Finally, let’s talk about some of my personal candidates for release, who seem like easy casualties.
After coming over to the New Orleans Saints from the Seattle Seahawks through free agency in 2012, Hawthorne got off to a dismal start. Hawthorne looked to turn the corner in 2013 with his improved play, and showed signs that he was a good fit alongside Curtis Lofton. However, Hawthorne has regressed for the most part in 2014. We’ll forever remember him for the three sack performance on Chicago Bears quarterback Jay Cutler.
Unfortunately, David Hawthorne has simply not lived up to the hype. Some may argue that there was little hype to begin with. Linebacker remains a great need for the Saints in 2015 with the potential exit of free agent Parys Haralson, and they should look to rebuild with younger, faster talent. The Saints need someone to lineup alongside Curtis Lofton that can excel in coverage, especially nickel situations. The team restructured Hawthorne’s deal last offseason, so he’ll still make out with some money regardless of what the Saints decide to do. They’d need to look towards the draft to fill the void
Brodrick Bunkley entered the Saints organization in 2012 after a brief one season stint with the Denver Broncos. He was heralded as one of Pro Football Focus’ best nose tackles. Bunkley would play in Steve Spagnoulo’s 4-3 scheme in 2012, and then move to a true nose tackle when Rob Ryan came on board in 2013. In three seasons, Bunkley has only managed ten more tackles (53) than he did in Denver (43) in one year.
For Bunkley, age and durability have caught up with the nose tackle. In three seasons, Bunkley has not played a full slew of 16 games for the black and gold. With younger options of John Jenkins and Lawrence Virgil handy, this seems like an easy decision. The Saints lose money on the release, but that cap figure isn’t the least bit appealing. His only hope is staying on for a very reduced pay-cut.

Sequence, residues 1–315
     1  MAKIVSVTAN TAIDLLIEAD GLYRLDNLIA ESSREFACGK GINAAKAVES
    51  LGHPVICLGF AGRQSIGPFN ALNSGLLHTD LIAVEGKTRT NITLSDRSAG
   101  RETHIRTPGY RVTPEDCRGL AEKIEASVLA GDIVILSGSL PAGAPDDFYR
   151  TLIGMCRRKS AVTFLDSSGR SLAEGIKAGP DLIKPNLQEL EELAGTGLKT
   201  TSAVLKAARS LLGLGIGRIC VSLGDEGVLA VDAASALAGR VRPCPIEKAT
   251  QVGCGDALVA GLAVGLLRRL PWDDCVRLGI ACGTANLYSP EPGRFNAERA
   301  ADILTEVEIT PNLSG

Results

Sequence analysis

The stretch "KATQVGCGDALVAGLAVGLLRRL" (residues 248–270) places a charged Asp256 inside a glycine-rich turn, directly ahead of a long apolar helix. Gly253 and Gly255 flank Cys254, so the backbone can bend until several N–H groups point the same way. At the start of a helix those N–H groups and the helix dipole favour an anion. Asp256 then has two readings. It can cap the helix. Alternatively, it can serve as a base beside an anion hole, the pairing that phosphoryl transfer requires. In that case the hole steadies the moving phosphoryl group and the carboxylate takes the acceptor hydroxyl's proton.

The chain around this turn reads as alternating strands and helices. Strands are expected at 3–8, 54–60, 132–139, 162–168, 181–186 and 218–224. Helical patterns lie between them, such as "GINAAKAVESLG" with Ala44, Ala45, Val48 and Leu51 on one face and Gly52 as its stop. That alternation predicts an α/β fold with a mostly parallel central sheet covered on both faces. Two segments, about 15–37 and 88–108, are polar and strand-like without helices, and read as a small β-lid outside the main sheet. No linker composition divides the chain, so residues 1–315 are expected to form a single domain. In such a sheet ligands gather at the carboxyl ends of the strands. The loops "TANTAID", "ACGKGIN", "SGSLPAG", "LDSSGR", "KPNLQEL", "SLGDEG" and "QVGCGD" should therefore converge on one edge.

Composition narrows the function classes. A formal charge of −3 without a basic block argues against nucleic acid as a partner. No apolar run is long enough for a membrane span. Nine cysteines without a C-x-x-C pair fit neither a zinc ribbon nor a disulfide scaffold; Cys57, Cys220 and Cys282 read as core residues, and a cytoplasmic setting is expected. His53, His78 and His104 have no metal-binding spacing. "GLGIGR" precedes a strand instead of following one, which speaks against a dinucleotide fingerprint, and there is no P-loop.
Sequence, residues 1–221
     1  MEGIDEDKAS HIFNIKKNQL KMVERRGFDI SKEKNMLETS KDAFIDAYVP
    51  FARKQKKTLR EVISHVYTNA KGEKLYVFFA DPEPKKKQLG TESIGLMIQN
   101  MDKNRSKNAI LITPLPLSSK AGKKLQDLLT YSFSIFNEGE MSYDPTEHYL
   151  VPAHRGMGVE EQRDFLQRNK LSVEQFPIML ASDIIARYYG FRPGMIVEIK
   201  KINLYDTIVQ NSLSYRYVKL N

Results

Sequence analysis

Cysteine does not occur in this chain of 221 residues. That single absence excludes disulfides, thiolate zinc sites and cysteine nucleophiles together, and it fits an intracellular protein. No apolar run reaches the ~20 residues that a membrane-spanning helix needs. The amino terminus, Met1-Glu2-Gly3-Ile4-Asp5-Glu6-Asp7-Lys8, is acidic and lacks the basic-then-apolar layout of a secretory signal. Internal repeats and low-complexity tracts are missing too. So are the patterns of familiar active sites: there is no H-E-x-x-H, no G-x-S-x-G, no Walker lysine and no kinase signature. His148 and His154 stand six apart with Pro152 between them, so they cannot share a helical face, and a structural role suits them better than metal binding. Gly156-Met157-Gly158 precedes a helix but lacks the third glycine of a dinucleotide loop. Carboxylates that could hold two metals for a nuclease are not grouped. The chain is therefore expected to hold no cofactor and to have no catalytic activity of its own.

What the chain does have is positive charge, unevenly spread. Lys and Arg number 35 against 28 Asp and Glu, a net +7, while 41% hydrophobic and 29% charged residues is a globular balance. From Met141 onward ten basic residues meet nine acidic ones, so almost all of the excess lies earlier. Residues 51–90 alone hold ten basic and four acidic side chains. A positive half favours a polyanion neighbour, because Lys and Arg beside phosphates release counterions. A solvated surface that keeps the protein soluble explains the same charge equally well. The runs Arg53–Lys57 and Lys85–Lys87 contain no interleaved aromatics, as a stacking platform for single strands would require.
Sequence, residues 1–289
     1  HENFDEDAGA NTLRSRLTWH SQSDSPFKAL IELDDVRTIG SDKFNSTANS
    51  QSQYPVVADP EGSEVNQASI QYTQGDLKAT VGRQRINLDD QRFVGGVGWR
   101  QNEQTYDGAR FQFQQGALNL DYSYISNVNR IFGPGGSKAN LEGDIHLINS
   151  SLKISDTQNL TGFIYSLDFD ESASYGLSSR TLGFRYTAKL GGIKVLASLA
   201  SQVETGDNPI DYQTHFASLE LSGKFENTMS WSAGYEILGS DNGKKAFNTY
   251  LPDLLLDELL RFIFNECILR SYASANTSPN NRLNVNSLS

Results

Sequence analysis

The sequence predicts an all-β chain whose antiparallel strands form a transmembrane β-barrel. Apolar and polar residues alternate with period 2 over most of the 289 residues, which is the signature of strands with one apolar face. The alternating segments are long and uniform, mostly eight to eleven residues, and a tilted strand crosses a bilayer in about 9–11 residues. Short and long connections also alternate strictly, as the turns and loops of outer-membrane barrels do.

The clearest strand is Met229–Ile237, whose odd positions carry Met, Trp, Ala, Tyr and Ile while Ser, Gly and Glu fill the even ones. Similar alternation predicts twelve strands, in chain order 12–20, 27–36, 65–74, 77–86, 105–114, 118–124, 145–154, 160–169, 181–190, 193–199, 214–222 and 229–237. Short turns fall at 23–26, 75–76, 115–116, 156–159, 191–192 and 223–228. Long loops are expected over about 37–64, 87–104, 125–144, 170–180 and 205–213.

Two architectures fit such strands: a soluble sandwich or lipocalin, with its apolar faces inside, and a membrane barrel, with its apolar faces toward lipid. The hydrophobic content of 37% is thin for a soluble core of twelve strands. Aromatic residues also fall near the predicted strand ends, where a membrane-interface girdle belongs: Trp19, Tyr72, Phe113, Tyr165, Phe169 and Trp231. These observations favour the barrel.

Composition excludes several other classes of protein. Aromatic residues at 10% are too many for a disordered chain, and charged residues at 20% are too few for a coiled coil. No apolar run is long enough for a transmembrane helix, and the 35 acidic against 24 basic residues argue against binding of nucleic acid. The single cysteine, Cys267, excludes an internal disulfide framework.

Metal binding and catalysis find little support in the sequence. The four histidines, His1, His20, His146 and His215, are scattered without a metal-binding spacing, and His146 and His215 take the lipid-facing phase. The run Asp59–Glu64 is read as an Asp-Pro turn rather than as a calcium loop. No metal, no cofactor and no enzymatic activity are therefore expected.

Another way the Saints can help their salary cap situation is by negotiating a deal with Cameron Jordan.
Jordan got better and better each season after bursting onto the scene in 2011. His sack totals went up each year, and his 12.5 sacks in 2013 was good for a Top 5 finish in the NFL, and a Pro Bowl spot. Unfortunately, Jordan didn’t have nearly a successful campaign this year, as he churned in 7.5 sacks in 2014. When you peel back the performance, his sacks came against the Vikings (1), Packers (2), Panthers (1), 49ers (1), Steelers (1), and Buccaneers (1.5).
The Saints gambled a bit on picking up a fifth-year option on Cam Jordan, but could you blame them given the Pro Bowl year he came off of? Jordan won’t be going anywhere, but after a disappointing season in 2014, look for the Saints to drastically reduce that nearly $7 million salary cap figure by leaps and bounds.
Other considerations for the Saints to help their salary cap situation could come in the way of restructures through players who may not have a large salary cap impact, but could help the team’s overall situation. Punter Thomas Morstead, a.k.a. ‘The Leg’ currently commands a $3.4 million cap figure in 2015, running back Pierre Thomas sits with a $2.56 million cap charge, and tight end Ben Watson has a $1.9 million cap charge.
If you’ve learned anything in the past decade of being a New Orleans Saints follower, supporter, or fan, it is simply this: Mickey Loomis makes it happen. He’s one of the best in the business to attack the situation, and will manage the cap accordingly. The Saints have a lot of money to dip into potentially for the 2017 season, but not as much in 2016 due to some of the other players previously mentioned.
We’ll find out in less than two weeks how the Saints work the 2015 salary cap, and ultimately find out who’s in and who’s out.